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Dredging of Sarnia Harbour hits bottom just in time

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Troy Shantz

The first dredging of Sarnia Harbour coordinated and executed by the city has ended — and not a moment too soon.

The last scoop of muck was pulled from the Harbour floor late last week, resulting in a minimal overlap with the lucrative ship repair season this winter, said Peter Hungerford, Sarnia’s director of economic development.

“All of the ships that were scheduled to come, that we knew about, got in without incident.”

Like contestants in a slow game of musical chairs, a few ships had to be shuffled around in the North Slip when it was dredged last month, he said.

A final survey will be done in coming weeks to confirm the contractor, Quebec-based Ocean Dredging, achieved the target depths of 8.4 metres at the Government Dock and North Slip, and 8.6 metres at the Sydney Smith Wharf.

The city-owned facility had reached a point it could no longer accept fully loaded ships, forcing it to turn down requests to dock.

The $3-million project was scheduled for completion in December but sediment testing and handling set that back, Hungerford said.

There were fears the dredged sediment might be contaminated, like the soil in nearby Centennial Park, and require pricey disposal protocols.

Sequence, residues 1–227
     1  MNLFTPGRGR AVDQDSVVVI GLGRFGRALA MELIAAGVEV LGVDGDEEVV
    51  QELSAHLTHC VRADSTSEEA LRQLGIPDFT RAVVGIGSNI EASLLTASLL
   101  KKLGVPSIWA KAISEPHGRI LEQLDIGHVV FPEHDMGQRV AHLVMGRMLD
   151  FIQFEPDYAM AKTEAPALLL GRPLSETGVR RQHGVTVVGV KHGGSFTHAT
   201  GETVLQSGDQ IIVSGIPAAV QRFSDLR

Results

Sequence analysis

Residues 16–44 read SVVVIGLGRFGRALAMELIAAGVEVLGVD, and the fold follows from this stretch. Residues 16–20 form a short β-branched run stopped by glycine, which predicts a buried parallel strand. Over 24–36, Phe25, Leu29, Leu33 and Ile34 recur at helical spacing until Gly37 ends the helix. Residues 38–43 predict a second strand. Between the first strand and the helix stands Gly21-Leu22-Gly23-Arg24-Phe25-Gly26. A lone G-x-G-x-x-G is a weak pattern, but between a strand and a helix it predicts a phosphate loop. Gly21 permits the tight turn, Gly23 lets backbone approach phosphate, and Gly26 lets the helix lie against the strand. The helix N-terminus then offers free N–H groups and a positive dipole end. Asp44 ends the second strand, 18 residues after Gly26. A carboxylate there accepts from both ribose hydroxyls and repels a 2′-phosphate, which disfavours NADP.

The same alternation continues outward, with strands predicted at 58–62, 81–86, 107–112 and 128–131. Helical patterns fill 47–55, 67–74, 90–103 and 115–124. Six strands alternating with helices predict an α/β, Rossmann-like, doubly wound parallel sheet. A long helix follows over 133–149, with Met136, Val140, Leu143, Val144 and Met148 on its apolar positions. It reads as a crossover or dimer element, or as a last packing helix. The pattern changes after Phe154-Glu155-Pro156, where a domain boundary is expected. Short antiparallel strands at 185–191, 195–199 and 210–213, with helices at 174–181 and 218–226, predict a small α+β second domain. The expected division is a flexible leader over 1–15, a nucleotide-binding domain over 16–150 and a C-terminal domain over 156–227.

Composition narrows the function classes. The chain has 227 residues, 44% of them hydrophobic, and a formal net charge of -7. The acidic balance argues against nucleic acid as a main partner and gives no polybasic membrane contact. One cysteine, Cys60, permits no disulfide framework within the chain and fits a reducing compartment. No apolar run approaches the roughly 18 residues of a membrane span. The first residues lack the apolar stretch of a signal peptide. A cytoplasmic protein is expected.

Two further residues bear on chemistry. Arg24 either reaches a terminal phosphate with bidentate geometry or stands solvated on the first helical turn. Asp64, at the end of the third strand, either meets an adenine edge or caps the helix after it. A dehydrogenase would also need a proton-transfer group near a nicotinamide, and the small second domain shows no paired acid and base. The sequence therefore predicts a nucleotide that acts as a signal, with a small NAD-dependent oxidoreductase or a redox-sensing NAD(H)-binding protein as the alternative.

But 20 test samples revealed negligible levels of contamination and the mud was trucked to surplus land at Sarnia Chris Hadfield Airport.

But that created another challenge, Hungerford said.

“It was a matter of dealing with excess water due to the rain we had. The material was wet – wetter than we had hoped. That was probably the biggest complication.”

Pumps are helping dry the dredged material that will eventually be graded into a berm at the airport and seeded with grass this spring, he said.

“We did have some extra expenses, said Hungerford, who didn’t yet have a final figure. “But nothing more than you’d expect with a project this size.”

The dredging should satisfy the Harbour’s needs for up to a decade, although weather and erosion on Lake Huron’s shoreline will determine when the next dredging is needed, Hungerford said.

“I’m hoping between eight and ten years, but that depends on what the river brings us.”

The Harbour normally fills in with sediment at a rate of about two centimetres a year.

Dredging last occurred at Sarnia Harbour in 2008 when it was completed by Transport Canada and Federal Public Works.



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